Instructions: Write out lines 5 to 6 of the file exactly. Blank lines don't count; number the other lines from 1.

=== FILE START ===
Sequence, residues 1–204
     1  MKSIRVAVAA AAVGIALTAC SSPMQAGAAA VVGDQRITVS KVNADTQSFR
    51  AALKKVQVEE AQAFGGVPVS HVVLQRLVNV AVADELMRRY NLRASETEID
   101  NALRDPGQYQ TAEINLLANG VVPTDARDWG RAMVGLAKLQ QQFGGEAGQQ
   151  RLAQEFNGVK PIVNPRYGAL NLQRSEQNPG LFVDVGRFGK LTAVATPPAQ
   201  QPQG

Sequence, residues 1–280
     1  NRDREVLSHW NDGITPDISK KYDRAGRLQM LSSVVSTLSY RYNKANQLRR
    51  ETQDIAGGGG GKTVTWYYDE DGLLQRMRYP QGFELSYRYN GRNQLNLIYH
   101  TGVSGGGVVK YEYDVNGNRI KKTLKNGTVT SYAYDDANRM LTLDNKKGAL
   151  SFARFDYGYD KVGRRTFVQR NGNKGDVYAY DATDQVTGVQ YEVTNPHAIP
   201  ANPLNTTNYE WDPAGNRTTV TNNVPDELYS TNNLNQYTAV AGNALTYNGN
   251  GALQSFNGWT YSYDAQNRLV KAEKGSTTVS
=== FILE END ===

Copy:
   151  RLAQEFNGVK PIVNPRYGAL NLQRSEQNPG LFVDVGRFGK LTAVATPPAQ
   201  QPQG